Unfortunately, there are lots of occasions when it doesn’t come together, and this is what makes Mirror’s Edge such a frustrating game in just about every sense of the word. The big issue is level design. Some stretches are absolutely great. Some are irritating, dull or just confusing. Despite a built-in hint system that’s supposed to orient your vision towards your next objective, I’ve come across numerous points where it’s simply not clear where you’re meant to go or what you’re meant to do. In fact, there are points at which the hint system is actively misleading. In these situations you’re left to find the way through by trial and error, repeating the same two or three minute section over and over again until you basically luck out.
There are also sections where a particular leap or sequence of moves needs to be performed with the utmost precision, leaving you grinding your teeth as you – again – repeat and repeat ad nauseum. This isn’t merely annoying; it breaks the momentum that powers the whole game along down. It also gives you too much time to think, and what you’ll be thinking is how linear the whole thing is. The more you play, the more you realise that Faith’s route has been set in stone, and all you can do is follow it. In short, a game that promised to be extraordinary seems beset with all too ordinary flaws.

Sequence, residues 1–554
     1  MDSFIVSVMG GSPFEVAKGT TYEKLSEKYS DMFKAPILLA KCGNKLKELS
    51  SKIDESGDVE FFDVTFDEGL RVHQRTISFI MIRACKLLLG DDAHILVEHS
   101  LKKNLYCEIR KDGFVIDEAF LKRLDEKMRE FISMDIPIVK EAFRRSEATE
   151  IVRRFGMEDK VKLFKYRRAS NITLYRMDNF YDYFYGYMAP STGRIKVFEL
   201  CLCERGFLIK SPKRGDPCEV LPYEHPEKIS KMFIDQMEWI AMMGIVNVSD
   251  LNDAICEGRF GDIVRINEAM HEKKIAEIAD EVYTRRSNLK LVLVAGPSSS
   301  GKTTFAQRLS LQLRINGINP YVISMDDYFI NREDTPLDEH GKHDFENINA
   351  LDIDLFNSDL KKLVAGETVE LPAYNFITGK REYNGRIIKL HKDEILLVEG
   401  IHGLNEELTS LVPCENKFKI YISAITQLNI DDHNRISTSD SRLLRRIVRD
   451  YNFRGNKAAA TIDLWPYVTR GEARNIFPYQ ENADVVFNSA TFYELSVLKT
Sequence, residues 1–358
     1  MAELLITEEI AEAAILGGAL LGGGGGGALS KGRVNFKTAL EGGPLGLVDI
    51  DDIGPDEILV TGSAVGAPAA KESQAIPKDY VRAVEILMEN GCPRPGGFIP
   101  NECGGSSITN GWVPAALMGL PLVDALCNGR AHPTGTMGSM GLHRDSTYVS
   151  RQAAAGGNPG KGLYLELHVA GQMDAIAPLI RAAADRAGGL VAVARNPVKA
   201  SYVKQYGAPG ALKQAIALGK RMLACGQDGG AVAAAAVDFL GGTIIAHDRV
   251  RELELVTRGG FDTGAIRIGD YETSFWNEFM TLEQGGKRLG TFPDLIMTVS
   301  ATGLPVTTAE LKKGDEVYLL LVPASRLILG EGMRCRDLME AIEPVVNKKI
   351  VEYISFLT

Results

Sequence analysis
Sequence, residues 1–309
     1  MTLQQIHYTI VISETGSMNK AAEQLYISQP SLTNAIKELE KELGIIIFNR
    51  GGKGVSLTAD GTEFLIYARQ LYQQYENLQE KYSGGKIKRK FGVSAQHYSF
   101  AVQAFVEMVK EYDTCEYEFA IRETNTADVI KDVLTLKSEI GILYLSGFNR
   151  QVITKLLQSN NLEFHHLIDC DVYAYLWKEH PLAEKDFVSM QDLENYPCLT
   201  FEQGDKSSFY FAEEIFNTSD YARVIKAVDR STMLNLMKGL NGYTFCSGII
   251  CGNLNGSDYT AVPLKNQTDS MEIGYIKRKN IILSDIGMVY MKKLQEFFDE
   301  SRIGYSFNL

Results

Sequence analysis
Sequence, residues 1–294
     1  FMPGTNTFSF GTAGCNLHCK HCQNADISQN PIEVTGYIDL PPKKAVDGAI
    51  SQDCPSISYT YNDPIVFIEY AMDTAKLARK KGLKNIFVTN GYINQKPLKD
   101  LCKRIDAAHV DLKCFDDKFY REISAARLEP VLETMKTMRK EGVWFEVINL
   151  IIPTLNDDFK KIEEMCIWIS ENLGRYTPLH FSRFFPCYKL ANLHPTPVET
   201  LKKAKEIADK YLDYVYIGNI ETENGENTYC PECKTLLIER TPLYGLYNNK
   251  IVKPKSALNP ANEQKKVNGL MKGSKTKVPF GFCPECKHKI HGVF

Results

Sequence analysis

It was also a mistake to throw in sections where combat is unavoidable. While you can get by using stealth and guile to overcome multiple enemies, it’s far more tempting to simply reach for the options screen and dial the opponent difficulty down, then slap away. The combat system just isn’t up to the job, and these bits just aren’t any fun.
This is a real shame, because while Mirror’s Edge can be samey, its gleaming rooftops and dimly lit interiors seeming to repeat from level to level, the adrenaline-soaked, beating heart of the game is magnificent. If only it could just maintain its momentum and not constantly trip and stumble or lose its way. If only it could avoid bogging you down or making you feel that, after twenty minutes working on the same two minute chunk, you might be enjoying yourself more doing something else.
Score wise, it could have been a nine – maybe even a ten – but instead I feel horribly tempted to curse it with a six and have some small revenge. But then I play it again and remember just how thrilling this first-person platformer can be. A mildly disappointing seven it is, then, but one that’s clawing towards an eight were I feeling kind. I’d like to be, and I dearly hope DICE will come back for another crack, maybe having learned some lessons from this time around. Kudos to the studio for coming up with a new concept and a new experience, but it would be great if it was consistently enjoyable and not so frequently and damnably annoying.
An incredible first-person spin on the platform game played at breakneck speed for incredible thrills. If only it wasn’t bogged down by so much thoughtless or directionless level design.
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